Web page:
Now senior Blairite strategists are turning their minds to the next question. How should they respond to a Livingstone victory? Most of them believe that they will have no option other than appeasement. Blair will issue a conciliatory statement on the morning of the victory. Early meetings will be arranged with ministers at John Prescott's mighty department, which has most direct connection to the mayor and the London Assembly (a local government minister, a minister for London and a transport minister). There are even some Blairite ministers who believe that Livingstone should be encouraged to re-join the party as soon as possible, rather than become a charismatic focus for dissent.
Livingstone himself is also heading towards his first proper job for 15 years with good intentions. This is, as he has put it himself, "the last throw of the dice". He has an ego, enjoys being the political performer, but above all he wants to achieve something. He is not going in to the job with the intention of remaking the political map of London and wrecking the Labour Party in the process. At a recent campaign meeting, he declared that he would offer an olive branch to Blair on day one. "The most important thing for me to say is: 'Can we talk about how to go forward?' I'll go anywhere, any time, to meet the Prime Minister."
But there is a huge obstacle to all this potential goodwill. Livingstone is opposed to the government's plans for the tube. The problem for Livingstone is that the government's proposal is now legislation. In theory at least, whoever is elected mayor is obliged to accept it.
Livingstone likes fighting political battles. In internal party contests, he tends to win. He saw off Andrew McIntosh to become GLC leader in 1981. He got a seat in time for the 1987 election. Soon he was an active member on the NEC. After the 1997 election he beat Peter Mandelson to win, again, a place on the NEC.
Yet when it comes to battles over policy, Livingstone is nearly always a loser. The Fares Fair scheme was scrapped. The GLC was abolished. His opposition to Neil Kinnock's policy review got nowhere. His more recent calls for Gordon Brown to be sacked ring hollow now.
On policy issues, almost instinctively, he places himself in a position where he is heading for a glorious defeat. In an under-reported interview with Jonathan Dimbleby on 26 March, Livingstone spelt out his strategy for London Underground once he had won. Here is a transcription of a revealing exchange:
Livingstone: I suspect that if the government did proceed with something that was a bad deal financially for London, they would be open for judicial review, and, as mayor, I wouldn't hesitate to go to court to try and stop the government doing something that was bad for London.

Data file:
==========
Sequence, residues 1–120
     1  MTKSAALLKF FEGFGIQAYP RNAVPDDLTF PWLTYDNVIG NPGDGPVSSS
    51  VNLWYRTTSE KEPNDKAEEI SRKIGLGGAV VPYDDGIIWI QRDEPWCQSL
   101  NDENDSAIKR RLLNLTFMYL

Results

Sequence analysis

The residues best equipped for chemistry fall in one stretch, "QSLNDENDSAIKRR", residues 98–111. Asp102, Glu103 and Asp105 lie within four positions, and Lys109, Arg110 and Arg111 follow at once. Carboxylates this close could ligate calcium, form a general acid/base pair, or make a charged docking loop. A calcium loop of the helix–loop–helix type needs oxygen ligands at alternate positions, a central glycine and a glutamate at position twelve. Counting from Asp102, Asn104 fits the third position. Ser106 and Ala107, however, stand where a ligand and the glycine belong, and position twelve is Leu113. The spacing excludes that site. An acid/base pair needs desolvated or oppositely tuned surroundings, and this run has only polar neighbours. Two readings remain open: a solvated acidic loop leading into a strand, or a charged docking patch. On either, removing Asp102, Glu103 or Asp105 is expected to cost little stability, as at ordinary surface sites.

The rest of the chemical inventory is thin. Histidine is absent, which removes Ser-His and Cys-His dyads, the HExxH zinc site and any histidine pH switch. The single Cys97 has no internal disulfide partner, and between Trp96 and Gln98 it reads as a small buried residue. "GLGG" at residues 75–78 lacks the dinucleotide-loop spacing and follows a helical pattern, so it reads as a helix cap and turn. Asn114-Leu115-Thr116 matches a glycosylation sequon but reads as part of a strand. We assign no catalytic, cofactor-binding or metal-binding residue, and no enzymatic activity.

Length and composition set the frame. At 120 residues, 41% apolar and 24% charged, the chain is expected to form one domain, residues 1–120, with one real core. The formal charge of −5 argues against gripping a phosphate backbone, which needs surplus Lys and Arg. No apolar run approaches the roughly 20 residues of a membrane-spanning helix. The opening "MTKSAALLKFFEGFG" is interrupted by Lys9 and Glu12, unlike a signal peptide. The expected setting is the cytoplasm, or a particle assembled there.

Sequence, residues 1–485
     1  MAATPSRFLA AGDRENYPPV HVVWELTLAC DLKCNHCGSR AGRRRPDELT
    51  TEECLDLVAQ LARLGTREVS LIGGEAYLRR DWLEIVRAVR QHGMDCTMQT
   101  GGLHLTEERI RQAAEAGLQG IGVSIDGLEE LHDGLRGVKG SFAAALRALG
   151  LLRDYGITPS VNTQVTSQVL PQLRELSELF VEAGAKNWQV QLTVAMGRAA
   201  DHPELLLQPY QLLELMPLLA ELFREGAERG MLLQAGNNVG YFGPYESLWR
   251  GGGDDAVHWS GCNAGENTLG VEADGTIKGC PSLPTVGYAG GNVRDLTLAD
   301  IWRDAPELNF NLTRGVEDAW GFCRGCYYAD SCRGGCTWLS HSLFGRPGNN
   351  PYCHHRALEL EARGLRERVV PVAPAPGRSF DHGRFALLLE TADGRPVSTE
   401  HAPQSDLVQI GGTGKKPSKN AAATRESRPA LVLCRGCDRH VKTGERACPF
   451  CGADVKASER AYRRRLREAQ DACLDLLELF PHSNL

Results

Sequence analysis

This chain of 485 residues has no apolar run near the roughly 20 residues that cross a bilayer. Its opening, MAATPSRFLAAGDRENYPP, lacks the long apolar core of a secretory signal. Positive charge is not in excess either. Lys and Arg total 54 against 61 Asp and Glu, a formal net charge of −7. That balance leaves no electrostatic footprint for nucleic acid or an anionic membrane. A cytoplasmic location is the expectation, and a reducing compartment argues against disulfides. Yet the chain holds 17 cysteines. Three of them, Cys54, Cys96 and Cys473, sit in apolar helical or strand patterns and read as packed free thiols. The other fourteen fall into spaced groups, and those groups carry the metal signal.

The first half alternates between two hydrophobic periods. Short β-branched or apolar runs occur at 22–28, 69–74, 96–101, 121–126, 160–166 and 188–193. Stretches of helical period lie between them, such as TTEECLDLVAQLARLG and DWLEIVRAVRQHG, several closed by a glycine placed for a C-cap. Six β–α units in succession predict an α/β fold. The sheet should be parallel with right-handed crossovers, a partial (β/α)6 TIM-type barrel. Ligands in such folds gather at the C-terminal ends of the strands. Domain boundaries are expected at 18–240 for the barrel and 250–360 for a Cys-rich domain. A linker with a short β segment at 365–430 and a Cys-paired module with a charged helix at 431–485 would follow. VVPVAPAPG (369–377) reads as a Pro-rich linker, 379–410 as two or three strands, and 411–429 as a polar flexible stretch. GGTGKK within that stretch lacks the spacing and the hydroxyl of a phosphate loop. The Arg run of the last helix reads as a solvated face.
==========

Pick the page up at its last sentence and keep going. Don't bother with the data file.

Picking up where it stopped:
Dimbleby: So if you are elected, you will go the very end of the road to prevent the public-private partnership?
Livingstone: That's the commitment I'm making. I'll use all my resources, including a court challenge if the government doesn't drop their proposal to break up the tube.
So here we go again. The campaign itself is not the only throwback to the early 1980s. The regime will be as well. There could well be another glorious court case. Last time it was the GLC versus Lord Denning over the tube. This time it will be Mayor Ken taking on the government in a judicial review.
There are no good guys in this particular episode of the soap opera. Ministers made a characteristic misjudgement in deciding that they, alone, should decide the structure of London Underground. But the time to campaign against this centralising instinct was when the legislation went through parliament. Instead, Livingstone voted in favour of it. Now there is a serious prospect of paralysis for the tube, while the courts decide in favour of one policy or another.
And there is a danger of a wider paralysis. Livingstone has deliberately avoided having his own slate for the election campaign. He wants to make the widest possible appeal, rather than be associated with an assortment of odd followers. This does not mean that he is a "loner" or a bad administrator, as some of his former GLC colleagues now claim. Many of them have some admiration for Livingstone, and say so privately. But he will have practical problems. Labour will almost certainly be the largest group on the assembly and its members are unlikely to co-operate with him, in the early days at least.
New Labour has mishandled terribly its own internal contest. But has the mayoral experiment been a big mistake? John Prescott has said publicly that he is no fan of the policy. Senior Blairites twitch nervously, wondering whether the whole damned idea has been a huge own goal. Nonsense. Mayors will breathe much-needed life into local government. Their own high profiles will bring an accountability of its own to policy making. When services go wrong, the mayor will get the blame. Whether he or she will be able to do anything about it is an altogether different matter.